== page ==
My final word on content warnings #unpopularopinion #publishing #contentpolice @StephenKing @AnneRiceAuthor @LKHamilton

The fiction of Amelia C. Gormley

There’s a disturbing trend in fiction today, particularly genre fiction published by smaller, niche presses.

Is it the prevalence of objectionable content? The normalization of the unacceptable? The crossing of taboo lines?

No. That has pretty much been happening since the dawn of literature. I guarantee you, the first time a cavewoman took a piece of char from the firepit and etched a story on a stone wall, another cavewoman clutched her animal-tooth necklace, gasped in dismay, and grunted something that would have vaguely translated to, “you can’t write that!”

No, this disturbing trend is far more insidious. It’s the infantilization of the reader.

The riff goes something like this: “Oooh, that content is objectionable! It might upset someone! We better warn people away! Quick, tag it! Oh, how dare that author not include warnings! What a terrible, insensitive person! I bet they wrote it because <insert ignorant…

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9 Responses to My final word on content warnings #unpopularopinion #publishing #contentpolice @StephenKing @AnneRiceAuthor @LKHamilton

  1. Patricia says:

    We’re all grappling with this, as readers and writers. Very good posting by Gormley. I’ve never read her but now am intrigued.

    • I don’t think there’s anything to grapple with. I said much the same thing in a previous post: mainstream authors don’t issue content warnings. Why should we? Read the blurb. If it even hints at something that might be upsetting to you, don’t buy it.

      Just don’t make authors responsible for safeguarding your feelings.

  2. Karen H says:

    Yes, everything Ms Gromley said and more. As a reader I don’t want anyone deciding what is or isn’t appropriate for me. I’m nearly 55 years old for fuck sake. You want to piss me off this is a sure fire way to do it. One of my absolute favourite books is ‘Blood Memories’ by Greg Iles it deals with incest. It is an amazing story so well done.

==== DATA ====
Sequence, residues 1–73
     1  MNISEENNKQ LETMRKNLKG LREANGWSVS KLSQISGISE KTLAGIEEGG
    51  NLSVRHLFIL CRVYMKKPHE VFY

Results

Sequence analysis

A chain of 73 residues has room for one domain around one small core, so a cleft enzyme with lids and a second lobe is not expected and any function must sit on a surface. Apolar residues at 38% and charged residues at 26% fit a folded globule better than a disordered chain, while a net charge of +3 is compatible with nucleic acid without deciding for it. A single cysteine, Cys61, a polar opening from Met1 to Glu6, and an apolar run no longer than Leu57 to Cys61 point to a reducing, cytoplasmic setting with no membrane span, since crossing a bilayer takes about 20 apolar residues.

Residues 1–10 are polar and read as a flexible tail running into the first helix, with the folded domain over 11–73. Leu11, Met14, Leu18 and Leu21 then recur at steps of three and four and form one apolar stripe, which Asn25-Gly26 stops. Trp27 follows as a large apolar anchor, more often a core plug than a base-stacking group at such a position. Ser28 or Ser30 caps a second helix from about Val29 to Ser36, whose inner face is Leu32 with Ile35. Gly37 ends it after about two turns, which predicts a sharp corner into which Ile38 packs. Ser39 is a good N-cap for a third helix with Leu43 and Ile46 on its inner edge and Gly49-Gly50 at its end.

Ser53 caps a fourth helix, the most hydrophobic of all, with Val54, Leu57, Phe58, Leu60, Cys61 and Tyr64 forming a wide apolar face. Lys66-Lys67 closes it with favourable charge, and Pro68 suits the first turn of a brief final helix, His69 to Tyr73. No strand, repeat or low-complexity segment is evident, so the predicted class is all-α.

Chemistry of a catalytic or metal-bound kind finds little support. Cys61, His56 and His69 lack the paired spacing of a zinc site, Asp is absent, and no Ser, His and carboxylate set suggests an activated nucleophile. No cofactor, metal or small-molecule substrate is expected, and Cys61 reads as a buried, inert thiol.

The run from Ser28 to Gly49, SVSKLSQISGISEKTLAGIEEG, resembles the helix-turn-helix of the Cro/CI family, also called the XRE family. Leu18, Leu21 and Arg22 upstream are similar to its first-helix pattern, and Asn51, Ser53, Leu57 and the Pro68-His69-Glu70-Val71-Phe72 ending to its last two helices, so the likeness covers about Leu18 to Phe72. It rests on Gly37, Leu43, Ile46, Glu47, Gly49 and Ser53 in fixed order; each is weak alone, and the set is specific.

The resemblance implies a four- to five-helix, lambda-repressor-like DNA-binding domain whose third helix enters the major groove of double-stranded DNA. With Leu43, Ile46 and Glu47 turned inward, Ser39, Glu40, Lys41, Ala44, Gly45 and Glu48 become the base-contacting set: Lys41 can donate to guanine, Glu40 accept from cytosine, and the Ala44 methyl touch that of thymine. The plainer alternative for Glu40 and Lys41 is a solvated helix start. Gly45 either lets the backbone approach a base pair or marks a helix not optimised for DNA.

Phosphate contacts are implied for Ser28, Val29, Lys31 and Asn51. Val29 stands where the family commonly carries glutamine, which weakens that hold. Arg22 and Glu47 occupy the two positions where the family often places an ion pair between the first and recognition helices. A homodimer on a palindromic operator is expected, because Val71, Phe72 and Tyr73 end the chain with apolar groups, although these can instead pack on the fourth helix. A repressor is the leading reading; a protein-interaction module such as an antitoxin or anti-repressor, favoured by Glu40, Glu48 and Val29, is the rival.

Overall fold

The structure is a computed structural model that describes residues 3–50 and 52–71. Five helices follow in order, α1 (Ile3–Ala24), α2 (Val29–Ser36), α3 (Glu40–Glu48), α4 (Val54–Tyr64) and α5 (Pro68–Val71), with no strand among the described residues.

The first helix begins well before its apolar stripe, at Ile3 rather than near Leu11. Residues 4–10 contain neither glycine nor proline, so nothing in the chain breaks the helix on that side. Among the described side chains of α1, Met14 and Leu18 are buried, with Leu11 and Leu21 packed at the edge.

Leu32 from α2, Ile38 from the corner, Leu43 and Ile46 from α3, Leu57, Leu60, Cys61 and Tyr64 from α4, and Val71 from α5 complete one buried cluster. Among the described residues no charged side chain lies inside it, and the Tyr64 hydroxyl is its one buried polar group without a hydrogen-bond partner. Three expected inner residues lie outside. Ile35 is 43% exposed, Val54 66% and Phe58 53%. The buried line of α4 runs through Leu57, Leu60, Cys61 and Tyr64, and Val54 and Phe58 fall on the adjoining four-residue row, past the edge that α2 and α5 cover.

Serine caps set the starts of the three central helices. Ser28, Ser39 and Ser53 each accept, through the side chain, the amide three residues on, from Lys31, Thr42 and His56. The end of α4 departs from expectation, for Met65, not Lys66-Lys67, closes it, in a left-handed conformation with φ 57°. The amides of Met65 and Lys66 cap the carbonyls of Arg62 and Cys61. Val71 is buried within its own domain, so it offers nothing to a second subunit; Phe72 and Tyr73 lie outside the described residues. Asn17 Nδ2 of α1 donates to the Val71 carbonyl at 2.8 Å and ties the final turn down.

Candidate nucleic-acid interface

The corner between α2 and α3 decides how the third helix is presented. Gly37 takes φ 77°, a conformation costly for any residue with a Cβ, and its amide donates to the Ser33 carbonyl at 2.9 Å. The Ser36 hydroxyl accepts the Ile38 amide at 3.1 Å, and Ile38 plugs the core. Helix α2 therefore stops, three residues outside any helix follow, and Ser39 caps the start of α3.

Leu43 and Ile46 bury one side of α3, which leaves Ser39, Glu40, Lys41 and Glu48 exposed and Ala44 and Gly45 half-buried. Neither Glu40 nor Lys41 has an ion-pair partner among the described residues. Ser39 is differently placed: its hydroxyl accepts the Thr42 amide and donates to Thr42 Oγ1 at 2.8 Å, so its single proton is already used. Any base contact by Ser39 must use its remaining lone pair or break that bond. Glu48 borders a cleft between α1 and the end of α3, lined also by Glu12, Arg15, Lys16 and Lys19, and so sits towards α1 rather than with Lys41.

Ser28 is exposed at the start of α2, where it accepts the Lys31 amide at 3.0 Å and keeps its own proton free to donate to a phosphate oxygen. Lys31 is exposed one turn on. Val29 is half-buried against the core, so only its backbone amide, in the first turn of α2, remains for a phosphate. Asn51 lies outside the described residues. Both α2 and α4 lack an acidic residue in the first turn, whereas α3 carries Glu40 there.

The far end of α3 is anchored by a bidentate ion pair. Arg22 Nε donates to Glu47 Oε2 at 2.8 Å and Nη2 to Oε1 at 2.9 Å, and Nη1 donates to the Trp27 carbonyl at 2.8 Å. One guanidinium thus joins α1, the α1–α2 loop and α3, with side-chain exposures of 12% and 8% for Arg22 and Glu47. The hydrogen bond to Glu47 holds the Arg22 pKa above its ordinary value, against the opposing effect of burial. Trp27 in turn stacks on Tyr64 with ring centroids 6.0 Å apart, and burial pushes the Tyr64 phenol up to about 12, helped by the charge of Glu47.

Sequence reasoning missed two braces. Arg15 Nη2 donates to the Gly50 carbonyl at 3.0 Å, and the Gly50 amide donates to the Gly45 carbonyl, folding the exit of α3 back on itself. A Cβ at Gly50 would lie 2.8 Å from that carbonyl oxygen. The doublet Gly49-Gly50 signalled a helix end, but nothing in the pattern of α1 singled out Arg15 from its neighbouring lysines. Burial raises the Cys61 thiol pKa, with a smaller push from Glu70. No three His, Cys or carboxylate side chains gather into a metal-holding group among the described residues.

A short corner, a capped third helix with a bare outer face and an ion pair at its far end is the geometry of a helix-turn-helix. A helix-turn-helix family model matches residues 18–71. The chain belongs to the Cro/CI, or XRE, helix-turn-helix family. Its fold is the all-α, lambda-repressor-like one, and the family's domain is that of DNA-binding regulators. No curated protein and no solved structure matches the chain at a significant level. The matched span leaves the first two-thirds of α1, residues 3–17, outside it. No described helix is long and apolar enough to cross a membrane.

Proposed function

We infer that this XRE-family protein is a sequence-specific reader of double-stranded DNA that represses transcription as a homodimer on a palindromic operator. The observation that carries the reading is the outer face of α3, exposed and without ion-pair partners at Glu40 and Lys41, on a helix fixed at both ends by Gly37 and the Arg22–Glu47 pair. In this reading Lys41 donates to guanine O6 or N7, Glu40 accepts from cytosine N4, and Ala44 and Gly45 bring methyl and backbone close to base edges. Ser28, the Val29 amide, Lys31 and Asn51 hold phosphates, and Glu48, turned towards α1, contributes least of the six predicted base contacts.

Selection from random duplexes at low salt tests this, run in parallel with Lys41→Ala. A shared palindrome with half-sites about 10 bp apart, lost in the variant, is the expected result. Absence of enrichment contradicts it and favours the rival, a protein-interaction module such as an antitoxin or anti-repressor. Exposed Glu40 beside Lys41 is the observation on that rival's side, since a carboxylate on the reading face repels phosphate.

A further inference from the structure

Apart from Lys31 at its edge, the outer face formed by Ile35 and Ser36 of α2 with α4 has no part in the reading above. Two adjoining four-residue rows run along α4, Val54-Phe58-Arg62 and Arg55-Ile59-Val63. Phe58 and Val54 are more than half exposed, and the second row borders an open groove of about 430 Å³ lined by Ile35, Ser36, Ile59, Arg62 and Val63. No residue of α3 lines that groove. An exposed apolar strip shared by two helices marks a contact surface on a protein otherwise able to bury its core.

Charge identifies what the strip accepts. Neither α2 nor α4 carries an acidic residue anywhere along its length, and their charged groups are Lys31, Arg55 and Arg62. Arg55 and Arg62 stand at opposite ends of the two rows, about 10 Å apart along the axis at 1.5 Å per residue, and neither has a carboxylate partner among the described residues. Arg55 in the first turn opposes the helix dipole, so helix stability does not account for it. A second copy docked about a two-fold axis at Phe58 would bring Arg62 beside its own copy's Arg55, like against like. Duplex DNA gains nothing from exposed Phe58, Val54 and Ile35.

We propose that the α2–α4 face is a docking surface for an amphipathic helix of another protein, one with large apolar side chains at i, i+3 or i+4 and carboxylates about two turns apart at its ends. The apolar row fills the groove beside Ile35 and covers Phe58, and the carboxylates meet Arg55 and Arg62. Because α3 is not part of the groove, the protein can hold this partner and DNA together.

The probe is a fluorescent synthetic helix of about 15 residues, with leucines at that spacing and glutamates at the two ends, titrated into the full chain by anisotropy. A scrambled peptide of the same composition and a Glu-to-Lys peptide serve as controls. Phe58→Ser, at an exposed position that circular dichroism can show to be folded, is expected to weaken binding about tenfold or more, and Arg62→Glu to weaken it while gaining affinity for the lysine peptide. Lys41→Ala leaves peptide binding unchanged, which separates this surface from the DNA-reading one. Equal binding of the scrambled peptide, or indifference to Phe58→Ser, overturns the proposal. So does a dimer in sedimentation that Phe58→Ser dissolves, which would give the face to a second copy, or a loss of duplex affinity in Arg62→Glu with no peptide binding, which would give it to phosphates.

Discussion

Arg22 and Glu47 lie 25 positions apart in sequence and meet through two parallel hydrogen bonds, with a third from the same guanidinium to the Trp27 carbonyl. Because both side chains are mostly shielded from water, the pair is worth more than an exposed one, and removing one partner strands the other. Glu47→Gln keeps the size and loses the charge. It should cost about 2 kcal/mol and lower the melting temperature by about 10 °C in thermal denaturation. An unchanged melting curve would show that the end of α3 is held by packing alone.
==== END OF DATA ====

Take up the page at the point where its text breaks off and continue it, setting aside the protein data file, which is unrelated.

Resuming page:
I’m sorry but if you need a warning for every little thing that might be slightly uncomfortable or controversial in a book read the book description for the most part they will give anyone enough info to figure out if the book is suited to them or not. If you’re still not sure well than might I just say ‘Google is your friend’ use it, but please don’t assume that your problem is everyone else’s and that we either want or need someone else to make these decisions for us.

  3. The only label I do believe should be on a book is “adult content”.

  4. A.M.B. says:

    I’ve never been a proponent of content warnings on books. They are often arbitrary and shield people from new ideas. However, the discussion on my blog yesterday about Jean Craighead George’s “Julie of the Wolves” makes me want to reconsider my position when books aimed at young children (younger than 10) include subjects that might be difficult for them to process (such as the attempted rape scene in “Julie of the Wolves”). I’ll probably still decide that I’m against content warnings, but who knows! I’ll have to think about it more.

  5. Children’s book need extra care, but even then, if it’s listed for kids, I don’t see the need for warnings. Youngsters shouldn’t be protected from things they need to be exposed to in order to get a more rounded exposure to the world. Parents need to guide, of course, but hopefully, they won’t deny their kids that which will help them mature and turn into discerning adults.

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